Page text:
Joe Medicine Crow

Joe Medicine Crow –
The last Crow War Chief, and
the winner of the
Presidential Medal of Freedom
The Bronze Star Medal, and the
French Légion d’honneur

The other day, the internet was out for almost twelve hours. I have ‘bundled’ service for my phone, television, and computer so nothing of importance was working. I would prefer a sharp stick in the eye to being without my computer – my window on the world, my contact with friends far and wide, my shopping aid, my distraction from relentless, hammering news about ‘you-know-what’. What’s a woman to do? I toddled over to the ‘little room’ (a spare bedroom) and grabbed a DVD. Well, it was actually a boxed set that cost me a handsome sum at purchase. It’s proven itself to be worth the investment.

The War is a six DVD set of the Ken Burns documentary about World War ll which aired on PBS (Public Broadcasting System – educational tv). I still have two more DVDs to view to finish it but the images and the personal stories can get to you after a while and I need a little bit of a break from it. But I watched DVD number four all the way through because it has one of my favorite personal stories in it. The interview with Joe Medicine Crow.

The elderly gentleman is a delight to watch and listen to. He must have been in his seventies at the time of his interview but his eyes were bright and sharp and his memories of the War clear and focused. The aged body held within it the twenty-something young man who went to war for his country.

Mr. Crow tells the story of being camped just outside German lines in France. He and his team watch a group of German soldiers riding horseback to a farmhouse in the woods. The team is going to take the Germans in the farmhouse but Mr. Crow has an idea. Shades of old western movies, Mr. Crow sneaks around the farmhouse and manages to stampede the horses away from the farm and then joins his group to take the Germans.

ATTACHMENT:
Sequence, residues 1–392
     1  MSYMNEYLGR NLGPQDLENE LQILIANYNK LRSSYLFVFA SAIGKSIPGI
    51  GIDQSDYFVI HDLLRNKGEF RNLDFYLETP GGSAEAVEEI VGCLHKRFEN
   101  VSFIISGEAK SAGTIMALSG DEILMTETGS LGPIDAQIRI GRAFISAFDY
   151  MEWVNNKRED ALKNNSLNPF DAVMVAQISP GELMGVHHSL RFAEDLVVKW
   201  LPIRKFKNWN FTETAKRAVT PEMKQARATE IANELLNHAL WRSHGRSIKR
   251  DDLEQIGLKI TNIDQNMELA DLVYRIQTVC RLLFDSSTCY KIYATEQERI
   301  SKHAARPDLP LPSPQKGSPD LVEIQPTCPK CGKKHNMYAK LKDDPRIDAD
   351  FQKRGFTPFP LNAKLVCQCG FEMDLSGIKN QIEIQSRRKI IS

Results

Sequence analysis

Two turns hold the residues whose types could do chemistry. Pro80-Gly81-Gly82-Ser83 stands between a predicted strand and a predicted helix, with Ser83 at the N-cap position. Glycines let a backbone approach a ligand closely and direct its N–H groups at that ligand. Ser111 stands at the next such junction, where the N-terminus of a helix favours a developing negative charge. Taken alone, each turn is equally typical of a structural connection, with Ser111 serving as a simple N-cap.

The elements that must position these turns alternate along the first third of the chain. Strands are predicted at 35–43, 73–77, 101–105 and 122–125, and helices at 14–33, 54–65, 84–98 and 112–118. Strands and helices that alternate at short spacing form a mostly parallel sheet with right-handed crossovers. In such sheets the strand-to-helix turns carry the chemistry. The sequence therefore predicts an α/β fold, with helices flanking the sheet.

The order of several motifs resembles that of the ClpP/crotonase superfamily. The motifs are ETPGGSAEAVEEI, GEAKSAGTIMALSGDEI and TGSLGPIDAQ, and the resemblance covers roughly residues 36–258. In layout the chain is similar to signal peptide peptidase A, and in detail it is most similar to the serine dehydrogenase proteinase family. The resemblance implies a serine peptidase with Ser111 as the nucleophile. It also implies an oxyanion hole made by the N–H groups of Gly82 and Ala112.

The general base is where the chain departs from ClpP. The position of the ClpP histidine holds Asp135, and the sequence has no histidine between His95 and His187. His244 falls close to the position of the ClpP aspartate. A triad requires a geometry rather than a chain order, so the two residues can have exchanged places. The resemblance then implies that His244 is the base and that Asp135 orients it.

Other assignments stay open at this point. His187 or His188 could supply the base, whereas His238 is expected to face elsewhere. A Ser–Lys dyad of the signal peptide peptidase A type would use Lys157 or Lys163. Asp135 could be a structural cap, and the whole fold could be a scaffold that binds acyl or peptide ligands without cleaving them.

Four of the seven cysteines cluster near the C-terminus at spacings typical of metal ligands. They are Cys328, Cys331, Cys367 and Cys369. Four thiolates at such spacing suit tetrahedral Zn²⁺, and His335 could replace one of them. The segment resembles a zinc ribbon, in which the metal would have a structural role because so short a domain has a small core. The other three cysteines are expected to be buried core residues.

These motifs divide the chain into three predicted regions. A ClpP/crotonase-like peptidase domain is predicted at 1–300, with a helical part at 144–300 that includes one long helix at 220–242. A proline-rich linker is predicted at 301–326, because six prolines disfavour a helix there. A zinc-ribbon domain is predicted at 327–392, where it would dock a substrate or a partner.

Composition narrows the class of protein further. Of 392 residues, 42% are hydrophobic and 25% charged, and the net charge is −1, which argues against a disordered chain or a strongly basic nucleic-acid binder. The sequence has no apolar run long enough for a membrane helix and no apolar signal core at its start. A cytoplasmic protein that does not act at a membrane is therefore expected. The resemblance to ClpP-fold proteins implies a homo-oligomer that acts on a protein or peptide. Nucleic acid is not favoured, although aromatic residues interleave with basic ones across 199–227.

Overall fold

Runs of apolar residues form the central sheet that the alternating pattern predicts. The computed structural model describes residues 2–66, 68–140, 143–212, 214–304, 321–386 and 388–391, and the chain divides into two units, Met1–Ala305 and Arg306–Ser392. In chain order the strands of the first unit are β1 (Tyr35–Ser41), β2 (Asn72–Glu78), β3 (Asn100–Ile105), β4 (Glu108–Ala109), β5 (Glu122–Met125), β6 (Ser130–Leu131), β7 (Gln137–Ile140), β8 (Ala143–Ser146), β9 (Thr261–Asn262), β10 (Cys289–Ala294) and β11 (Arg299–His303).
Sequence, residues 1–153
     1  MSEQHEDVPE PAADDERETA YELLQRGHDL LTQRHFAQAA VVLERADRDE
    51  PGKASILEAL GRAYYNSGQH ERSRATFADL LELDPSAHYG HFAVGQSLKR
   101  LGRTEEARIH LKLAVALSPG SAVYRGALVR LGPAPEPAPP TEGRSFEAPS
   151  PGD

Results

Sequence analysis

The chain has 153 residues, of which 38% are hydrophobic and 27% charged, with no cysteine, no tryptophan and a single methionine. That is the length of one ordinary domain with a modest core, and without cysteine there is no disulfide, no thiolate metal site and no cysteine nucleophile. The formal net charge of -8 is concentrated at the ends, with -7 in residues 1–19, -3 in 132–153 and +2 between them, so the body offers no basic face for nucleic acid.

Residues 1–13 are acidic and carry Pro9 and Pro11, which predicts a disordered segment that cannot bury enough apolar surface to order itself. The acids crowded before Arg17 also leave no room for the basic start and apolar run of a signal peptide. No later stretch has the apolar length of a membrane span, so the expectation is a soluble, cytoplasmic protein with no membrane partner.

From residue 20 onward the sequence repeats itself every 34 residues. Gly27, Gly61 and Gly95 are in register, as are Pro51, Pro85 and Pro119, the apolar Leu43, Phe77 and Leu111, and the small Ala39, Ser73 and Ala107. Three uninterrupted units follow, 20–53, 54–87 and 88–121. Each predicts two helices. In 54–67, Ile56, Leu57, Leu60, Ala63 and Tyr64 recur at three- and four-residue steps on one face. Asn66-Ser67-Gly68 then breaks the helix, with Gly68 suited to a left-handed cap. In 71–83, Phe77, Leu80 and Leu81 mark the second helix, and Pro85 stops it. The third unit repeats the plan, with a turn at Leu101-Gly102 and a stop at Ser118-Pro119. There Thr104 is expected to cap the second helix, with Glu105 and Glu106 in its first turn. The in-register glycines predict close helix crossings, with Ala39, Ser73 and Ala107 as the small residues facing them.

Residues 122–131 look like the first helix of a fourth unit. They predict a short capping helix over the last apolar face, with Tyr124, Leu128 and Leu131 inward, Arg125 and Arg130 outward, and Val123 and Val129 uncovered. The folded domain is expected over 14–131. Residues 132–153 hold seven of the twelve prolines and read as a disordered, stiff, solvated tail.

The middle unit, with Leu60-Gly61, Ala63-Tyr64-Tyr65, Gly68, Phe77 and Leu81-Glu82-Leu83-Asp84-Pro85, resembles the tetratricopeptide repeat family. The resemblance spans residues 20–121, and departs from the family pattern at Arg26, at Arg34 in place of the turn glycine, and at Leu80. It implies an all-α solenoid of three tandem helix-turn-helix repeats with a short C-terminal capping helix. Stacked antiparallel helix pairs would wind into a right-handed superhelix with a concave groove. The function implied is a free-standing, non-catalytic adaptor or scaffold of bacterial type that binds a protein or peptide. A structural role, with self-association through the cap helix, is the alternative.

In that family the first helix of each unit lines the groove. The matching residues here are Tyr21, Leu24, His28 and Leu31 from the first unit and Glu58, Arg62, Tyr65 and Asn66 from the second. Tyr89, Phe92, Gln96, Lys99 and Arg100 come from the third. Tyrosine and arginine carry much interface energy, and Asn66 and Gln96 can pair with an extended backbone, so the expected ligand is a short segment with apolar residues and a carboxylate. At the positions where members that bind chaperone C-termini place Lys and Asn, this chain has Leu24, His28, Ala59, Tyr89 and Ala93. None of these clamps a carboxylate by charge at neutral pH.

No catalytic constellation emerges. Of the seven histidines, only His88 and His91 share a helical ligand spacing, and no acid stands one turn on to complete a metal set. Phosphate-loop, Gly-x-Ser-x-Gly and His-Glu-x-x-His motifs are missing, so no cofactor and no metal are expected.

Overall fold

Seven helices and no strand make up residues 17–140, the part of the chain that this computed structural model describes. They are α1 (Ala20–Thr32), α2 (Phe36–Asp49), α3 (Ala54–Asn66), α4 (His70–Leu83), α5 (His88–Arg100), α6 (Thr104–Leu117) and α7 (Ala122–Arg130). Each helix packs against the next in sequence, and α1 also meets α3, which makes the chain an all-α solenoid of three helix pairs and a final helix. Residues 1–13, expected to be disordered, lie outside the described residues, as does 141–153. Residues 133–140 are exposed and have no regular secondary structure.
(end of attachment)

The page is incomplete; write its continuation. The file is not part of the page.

As he finishes his interview, he says he went back to his camp in the woods and sang songs of praise. (Ok; I get weepy – sue me!). At the prompting of the production staff, he sings his song of praise in Crow and the pride and the history of his people glows warmly in his face and sparkling eyes.

You can read about Joe Medicine Crow here https://en.wikipedia.org/wiki/Joe_Medicine_Crow

You can watch each episode (small rental fee) here https://www.amazon.com/Necessary-War-December-1941-1942/dp/B002W65HIA/ref=sr_1_2?dchild=1&keywords=the+war+-+ken+burns&qid=1589629701&sr=8-2

What stays with me is his final sentence, uttered in both humility and pride. He says, “I guess you’re looking at the last Plains War Chief”.

7 Responses to Joe Medicine Crow

  1. the unit says:

    Thanks for explaining the “little room”. Might have thought you’d gone into the closet.
    My little room is where I keep a box of strike on the box matches. 🙂
    Interesting to read native American folklore that’s not folklore.
    Always had an interest since watching Michael Ansara as Cochise, and he was of Lebanese descent. Mean it seriously, although he was most famous to me for being married to “I Dream of Jeannie”.

    Liked by 1 person

    • audremyers says:

      LOL! I remember Michael Ansara as Cochise!!! We must be about the same age, lol.

      Liked by 1 person

      • the unit says:

        We are pretty close I think. Let’s say I could be your older brother age wise. My dad was born 11 years before your dad (seems I remember you said March 1920, years older than your momma, family joke. 🙂 )

        Liked by 1 person

        • audremyers says:

          Gosh!!! Well, there ain’t nothing wrong with your memory, that’s for sure! Holy smokes!!!

          Liked by 1 person

        • the unit says:

          As my second friend, Ignatius, said a laugh time ago, “You can’t fool ole butterfly.” 🙂
          I forget his last name. It was back in ’47. I did have one before, Joe Wayne. We had moved so Iggy was my second.

          Liked by 1 person

        • the unit says:

          Childhood friends and memories are cherished. Marlon Brando and Mr. Peepers. Neither Ignatius or I became too much famous as far as I know. Not even 15 minutes. 🙂

          Liked by 1 person

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